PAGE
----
The past few versions of Office, including the current one, are fast, snappy, and instant. The days where Office applications were slow and cumbersome are long gone, even on lower-end hardware like the 2015 retina MacBook Pro. However, Office applications were slow, rendering was terrible, and things like dragging and resizing Office windows was literally a slide show - and I wanted to know why.
I found out that on Windows, Microsoft Office uses its own rendering pipeline (framework? I'm not really sure what the accurate terminology is here), different from both Win32 and Metro applications. As it turns out, Office does its own check of the video card and driver to determine if hardware acceleration for Office should be disabled or not.
By default, hardware acceleration is automatically disabled in Office programs if certain video card and video card driver combinations are detected when you start an Office program. If hardware acceleration is automatically disabled by the program, nothing indicates that this change occurred.
Well, except that Office now runs like a total dog, of course.
Apparently, the Office team maintains its own list of video card/driver combinations and keeps this list a secret.
The list of video card/video driver combinations that trigger this automatic disabling of hardware graphics acceleration is not documented because the list is hard-coded in the Office programs and will be constantly changing as we discover additional video combinations that cause problems in Office programs.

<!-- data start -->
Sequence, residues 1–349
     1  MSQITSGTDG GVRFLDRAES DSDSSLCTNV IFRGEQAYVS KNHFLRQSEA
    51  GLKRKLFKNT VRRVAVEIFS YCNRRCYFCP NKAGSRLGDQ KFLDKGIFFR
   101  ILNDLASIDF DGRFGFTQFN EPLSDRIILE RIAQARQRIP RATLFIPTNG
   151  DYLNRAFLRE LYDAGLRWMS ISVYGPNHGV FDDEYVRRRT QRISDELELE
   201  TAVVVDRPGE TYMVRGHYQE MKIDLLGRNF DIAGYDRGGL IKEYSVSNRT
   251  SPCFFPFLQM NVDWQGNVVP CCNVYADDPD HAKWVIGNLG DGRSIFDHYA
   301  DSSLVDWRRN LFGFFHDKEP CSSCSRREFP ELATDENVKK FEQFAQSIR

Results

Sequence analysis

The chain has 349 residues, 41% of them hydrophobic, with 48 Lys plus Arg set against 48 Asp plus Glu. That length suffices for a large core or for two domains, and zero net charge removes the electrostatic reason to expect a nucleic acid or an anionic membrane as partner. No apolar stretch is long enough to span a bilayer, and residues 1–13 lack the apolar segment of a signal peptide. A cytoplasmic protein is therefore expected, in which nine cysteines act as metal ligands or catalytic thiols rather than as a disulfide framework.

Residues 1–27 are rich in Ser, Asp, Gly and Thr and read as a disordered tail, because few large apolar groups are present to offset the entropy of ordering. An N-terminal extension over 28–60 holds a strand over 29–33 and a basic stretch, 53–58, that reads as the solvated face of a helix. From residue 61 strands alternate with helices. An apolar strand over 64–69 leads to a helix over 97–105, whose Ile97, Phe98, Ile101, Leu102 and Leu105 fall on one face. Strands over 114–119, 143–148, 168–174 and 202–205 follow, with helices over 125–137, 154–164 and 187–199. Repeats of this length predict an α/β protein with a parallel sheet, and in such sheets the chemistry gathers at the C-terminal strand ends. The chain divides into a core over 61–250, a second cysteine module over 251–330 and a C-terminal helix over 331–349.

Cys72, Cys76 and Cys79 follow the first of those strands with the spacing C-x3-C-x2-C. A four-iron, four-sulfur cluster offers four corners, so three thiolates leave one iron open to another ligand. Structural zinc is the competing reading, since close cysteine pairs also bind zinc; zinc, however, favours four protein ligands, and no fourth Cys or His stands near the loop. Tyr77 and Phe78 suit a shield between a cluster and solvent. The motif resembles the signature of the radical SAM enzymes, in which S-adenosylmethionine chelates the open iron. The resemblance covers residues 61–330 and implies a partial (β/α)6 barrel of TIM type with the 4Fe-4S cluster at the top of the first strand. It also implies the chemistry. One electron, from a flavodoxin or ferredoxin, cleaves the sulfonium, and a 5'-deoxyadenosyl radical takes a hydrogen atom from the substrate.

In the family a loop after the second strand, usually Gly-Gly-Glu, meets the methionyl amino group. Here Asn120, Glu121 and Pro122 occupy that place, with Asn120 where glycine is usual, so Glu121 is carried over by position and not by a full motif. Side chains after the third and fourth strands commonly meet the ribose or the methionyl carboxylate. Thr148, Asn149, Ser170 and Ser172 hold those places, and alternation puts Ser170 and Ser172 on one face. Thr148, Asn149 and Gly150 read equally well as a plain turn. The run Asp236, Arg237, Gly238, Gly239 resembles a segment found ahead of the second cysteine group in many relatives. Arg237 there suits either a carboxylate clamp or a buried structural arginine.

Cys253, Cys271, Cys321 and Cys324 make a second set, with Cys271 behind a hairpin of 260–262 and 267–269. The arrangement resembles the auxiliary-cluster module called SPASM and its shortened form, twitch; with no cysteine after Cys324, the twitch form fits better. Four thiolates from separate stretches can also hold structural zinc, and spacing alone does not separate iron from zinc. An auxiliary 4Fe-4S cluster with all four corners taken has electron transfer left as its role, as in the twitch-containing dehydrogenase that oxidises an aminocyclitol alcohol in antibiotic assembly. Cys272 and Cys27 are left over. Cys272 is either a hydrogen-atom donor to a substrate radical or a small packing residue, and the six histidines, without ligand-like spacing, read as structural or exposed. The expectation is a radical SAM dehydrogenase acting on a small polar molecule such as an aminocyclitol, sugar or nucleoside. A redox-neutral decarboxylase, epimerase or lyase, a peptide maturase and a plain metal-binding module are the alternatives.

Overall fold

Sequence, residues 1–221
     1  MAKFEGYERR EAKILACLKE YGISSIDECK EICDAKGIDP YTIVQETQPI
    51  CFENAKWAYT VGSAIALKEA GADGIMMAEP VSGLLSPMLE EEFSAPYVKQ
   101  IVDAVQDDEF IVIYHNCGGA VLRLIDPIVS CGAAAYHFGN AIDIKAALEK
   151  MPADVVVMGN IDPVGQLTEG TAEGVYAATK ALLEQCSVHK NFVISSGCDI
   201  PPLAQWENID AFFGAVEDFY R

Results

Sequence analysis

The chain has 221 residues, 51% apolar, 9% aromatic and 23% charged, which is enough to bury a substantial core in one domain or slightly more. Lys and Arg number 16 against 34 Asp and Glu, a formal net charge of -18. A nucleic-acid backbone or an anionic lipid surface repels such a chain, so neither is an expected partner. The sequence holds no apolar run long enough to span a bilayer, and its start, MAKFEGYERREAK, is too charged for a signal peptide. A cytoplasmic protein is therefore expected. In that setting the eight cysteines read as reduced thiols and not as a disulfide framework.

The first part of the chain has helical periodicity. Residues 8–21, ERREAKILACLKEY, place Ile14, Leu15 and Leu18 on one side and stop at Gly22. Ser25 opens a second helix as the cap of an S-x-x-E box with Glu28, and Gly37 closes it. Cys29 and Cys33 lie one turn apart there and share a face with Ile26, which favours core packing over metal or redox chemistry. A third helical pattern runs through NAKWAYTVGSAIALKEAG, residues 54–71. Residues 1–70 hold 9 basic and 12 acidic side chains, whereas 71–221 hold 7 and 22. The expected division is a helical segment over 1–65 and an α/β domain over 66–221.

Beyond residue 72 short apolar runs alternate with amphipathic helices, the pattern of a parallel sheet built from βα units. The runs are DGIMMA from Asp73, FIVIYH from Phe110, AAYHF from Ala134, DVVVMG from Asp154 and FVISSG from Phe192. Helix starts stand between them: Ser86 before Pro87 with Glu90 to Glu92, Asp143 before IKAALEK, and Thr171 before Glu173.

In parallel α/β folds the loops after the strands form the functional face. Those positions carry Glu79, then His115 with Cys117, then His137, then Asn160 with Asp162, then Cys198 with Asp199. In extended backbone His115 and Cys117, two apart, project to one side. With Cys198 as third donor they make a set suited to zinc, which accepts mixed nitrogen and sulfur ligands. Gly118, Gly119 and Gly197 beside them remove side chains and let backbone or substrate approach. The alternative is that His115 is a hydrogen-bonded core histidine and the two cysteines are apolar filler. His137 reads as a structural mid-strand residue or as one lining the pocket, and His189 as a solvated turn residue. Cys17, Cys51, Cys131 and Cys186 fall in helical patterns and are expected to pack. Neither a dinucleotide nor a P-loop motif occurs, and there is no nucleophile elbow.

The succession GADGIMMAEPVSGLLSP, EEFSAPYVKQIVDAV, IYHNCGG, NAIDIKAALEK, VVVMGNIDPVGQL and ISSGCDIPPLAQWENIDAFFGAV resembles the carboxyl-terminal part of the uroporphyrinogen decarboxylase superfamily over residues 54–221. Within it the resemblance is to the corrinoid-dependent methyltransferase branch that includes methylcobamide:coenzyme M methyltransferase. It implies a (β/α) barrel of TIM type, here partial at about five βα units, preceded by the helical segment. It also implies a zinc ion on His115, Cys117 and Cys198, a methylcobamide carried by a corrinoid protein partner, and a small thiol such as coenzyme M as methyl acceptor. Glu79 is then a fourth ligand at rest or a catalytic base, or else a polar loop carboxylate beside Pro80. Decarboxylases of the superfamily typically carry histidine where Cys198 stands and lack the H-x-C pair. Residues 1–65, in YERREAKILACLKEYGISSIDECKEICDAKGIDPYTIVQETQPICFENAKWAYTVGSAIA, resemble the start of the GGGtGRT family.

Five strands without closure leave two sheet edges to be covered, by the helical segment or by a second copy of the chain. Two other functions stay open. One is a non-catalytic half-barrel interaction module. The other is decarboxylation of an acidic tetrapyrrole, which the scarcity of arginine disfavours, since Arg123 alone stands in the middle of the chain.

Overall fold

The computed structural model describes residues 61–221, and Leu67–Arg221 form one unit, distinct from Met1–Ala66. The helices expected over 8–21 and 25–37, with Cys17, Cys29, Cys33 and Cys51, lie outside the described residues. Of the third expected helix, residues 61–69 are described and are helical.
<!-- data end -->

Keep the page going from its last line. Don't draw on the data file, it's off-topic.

When I ran the Intel Driver Update Utility on my retina MacBook Pro to determine if the Apple-provided Intel graphics driver was up-to-date, the tool found a newer driver, but warned me that my OEM (Apple) had modified the already-installed driver, and that I would lose those customisations. I proceeded to download the new driver anyway, only to be hit by a very peculiar dialog upon trying to install the driver Intel told me was newer than what I had installed: the installer warned my I was installing an older driver than what I had installed.
So, I decided to download the latest driver (the latest beta) manually, installed it, and this fixed not just Office, but also Chrome - which I find particularly baffling (maybe Chrome maintains a similar list?).
The list that the Office team maintains is not of good drivers, but of bad drivers. For Office's hardware acceleration to fail, the driver needs to be on the list. This means that the combination "Apple-modified Intel graphics driver/Iris 6100" was, at some point, added to the list, triggering the disabling of hardware acceleration for Office. The combination "Intel's own graphics driver/Iris 6100" is not on the list.